Narrow views on addiction focus on the behavior of the person and the harmfulness of the drug. This view leaves out a massive part of the story: the pain. This approach forgets to ask about how and what the substance was soothing. It neglects to consider the environment, lack of resources, and society’s failure in modeling how to tolerate painful emotions.
How using helps.
In the addiction cycle, the use plays the side that feels emotionally easy: soothing, relief, and pleasure, experiences the user believes are otherwise inaccessible in their current life. At its core, using drugs resolve the pain of isolation. Users can bond with other users to create a sense of connection. While the drug can also become the buffer to intimacy, blocking the relationship’s realness. When otherwise feeling hindered from self-exposure, using lets down our guards; Many people are more comfortable exposing their inner worlds through a substance. (See: drunk-dial confessions.) Using alone can feel soothing for one’s inability to regulate their feelings: without others to turn to, the drug becomes the console.
When using harms.
When the harmful side of use starts showing up: loss of finances, ruptured relationships, job loss, incarceration, violence, homelessness, and walking closer to the line of death, some people decide something needs to change. Afraid of their current life, they begin to want more for themselves. Some come in for treatment due to an ultimatum from another. It’s a humbling and courageous act to walk into treatment for addiction, recognizing that there might be a problem with one’s way of coping, especially if that coping mechanism is shamed by society.
Treating the physiological aspects like withdrawal through detox or medication-assisted-treatment (MAT) is one part of the equation for recovery for opioid addiction. Stabilization temporarily manages the use-withdrawal spiral by interrupting the compulsive cycle to avoid withdrawal and the shame that arises once sober. Depth counseling for substance use recovery (whatever the substance: alcohol, sex, porn, cocaine, etc.) is an opportunity to develop more resources and dive into shame. With open and non-judgemental questions and curious listening, we’d bring ourselves closer to the struggle. From this stance, no matter what we get close to, our perception is often inclined to widen and to change.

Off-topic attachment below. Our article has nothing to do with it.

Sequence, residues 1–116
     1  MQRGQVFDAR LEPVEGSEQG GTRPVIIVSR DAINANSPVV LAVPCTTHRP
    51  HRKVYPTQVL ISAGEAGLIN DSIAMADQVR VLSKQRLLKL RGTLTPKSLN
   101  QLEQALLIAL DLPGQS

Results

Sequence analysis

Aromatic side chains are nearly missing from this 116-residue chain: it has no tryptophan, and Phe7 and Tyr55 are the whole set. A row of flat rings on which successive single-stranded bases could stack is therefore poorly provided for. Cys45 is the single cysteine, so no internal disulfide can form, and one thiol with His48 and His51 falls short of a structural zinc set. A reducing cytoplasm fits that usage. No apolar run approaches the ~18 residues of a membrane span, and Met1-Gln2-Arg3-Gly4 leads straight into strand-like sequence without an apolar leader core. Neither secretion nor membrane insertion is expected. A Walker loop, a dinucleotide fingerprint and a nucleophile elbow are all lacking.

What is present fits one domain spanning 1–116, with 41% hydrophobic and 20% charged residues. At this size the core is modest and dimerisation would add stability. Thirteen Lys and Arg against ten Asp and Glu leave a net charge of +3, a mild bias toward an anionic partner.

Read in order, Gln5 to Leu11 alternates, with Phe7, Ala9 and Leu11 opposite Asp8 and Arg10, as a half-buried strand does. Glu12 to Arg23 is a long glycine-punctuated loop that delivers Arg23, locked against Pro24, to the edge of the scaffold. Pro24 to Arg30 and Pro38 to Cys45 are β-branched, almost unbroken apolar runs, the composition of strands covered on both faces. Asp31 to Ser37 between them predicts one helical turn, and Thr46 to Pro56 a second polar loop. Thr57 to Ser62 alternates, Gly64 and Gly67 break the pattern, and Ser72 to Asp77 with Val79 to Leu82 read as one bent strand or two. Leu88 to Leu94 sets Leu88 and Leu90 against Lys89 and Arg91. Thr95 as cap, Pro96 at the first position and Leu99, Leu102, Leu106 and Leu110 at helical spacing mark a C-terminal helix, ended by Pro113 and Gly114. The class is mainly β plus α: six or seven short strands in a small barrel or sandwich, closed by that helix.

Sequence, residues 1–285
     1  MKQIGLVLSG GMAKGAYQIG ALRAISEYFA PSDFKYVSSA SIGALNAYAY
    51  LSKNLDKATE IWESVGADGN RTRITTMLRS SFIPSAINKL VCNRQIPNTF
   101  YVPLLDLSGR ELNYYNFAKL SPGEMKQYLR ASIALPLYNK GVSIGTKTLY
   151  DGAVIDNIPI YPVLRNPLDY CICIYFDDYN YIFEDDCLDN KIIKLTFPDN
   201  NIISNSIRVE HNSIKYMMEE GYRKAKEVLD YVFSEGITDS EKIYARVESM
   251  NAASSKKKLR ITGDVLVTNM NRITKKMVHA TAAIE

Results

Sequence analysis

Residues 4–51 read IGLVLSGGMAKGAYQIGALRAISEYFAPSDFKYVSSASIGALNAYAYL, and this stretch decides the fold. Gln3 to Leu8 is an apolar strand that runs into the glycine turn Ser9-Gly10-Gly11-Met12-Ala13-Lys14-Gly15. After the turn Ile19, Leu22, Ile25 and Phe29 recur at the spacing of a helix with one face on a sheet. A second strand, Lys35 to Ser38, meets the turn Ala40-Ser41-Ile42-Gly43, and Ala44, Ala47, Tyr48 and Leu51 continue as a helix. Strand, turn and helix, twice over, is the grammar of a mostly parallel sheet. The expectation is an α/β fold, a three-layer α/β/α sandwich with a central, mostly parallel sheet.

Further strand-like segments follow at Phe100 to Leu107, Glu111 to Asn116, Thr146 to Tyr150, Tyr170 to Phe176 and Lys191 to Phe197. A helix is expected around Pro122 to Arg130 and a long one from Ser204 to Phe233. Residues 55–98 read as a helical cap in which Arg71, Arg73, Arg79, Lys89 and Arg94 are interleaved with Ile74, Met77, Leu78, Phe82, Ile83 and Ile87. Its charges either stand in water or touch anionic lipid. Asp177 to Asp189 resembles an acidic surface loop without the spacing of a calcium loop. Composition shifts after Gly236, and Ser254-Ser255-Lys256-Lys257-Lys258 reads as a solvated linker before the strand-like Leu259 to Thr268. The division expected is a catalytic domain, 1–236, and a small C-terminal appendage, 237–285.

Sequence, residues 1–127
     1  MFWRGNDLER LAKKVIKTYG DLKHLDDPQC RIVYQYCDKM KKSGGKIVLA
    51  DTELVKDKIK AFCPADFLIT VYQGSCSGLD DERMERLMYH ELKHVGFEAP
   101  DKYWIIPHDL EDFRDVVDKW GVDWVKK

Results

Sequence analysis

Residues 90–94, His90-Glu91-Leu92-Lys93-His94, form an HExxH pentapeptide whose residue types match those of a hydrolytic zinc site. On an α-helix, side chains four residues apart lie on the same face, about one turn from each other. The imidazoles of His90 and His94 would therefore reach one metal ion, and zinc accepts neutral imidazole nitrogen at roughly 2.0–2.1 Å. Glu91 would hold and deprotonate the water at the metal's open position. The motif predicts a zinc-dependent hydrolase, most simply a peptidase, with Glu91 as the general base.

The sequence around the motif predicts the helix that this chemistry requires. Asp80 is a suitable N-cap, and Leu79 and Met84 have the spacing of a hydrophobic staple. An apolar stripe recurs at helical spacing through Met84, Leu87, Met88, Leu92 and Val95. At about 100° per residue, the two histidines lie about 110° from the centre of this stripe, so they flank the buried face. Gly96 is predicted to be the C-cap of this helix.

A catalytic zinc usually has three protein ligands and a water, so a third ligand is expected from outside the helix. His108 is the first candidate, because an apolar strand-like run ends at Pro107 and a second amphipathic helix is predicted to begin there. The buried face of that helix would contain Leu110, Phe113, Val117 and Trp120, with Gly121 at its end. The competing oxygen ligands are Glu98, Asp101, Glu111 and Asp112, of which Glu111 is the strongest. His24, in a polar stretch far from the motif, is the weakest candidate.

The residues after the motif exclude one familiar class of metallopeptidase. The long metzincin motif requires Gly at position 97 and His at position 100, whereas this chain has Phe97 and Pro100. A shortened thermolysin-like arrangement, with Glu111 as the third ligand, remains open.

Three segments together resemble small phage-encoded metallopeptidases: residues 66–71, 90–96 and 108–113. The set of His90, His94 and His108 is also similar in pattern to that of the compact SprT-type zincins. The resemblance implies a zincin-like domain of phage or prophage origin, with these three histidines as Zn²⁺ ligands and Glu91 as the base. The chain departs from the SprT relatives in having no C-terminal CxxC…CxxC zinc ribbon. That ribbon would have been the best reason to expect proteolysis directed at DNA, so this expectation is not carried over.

Most treatment and recovery programs focus on the destructive ends and frighten people into making a lasting change. For a while, this may work. However, if treatment doesn’t address the medicinal qualities of the use, relapse is more likely. Without understanding the root of the drug use and addiction, we walk in shallow waters, always afraid to fall into the deep again.
We hinder recovery if we aren’t willing to look at both the benefits and consequences of using as a way to cope. In studying the deeper intricacies of the central tug-of-war, we might ask: How can this thing feel so good, and be so destructive? It temporarily makes life feel better, but, in the long term, ruins everything around me. How long can I resist such a thing that I know makes me feel so good? When you know something soothes, bring comforts and calms you, how do you give it up?
If our approach to anything centers on the harmful aspects, we miss out on understanding the ambivalence that is a natural part of being alive. We may know that something is dangerous or wrong for us, yet our bodies and minds may still seek the relief that the experience provides. We all know that certain food is not healthy for us, but we may again eat it anyway because it tastes good and will make us temporarily feel comforted. In recovery, ambivalence and conflict show up throughout: there is always a choice to make. By anticipating and planning for it, sustaining recovery is more likely.
To be alive is to be naturally torn, we crave feeling good, and yet life can bring incredible pain. We do what we need to do to get by with whatever resources we have; some of the ways that humans cope with surviving our lives are labeled better, and others are stigmatized. Each journey into addiction and recovery varies. The substances and the relationship the user has to them tell a vast story. We only need to be willing to become curious, and listen.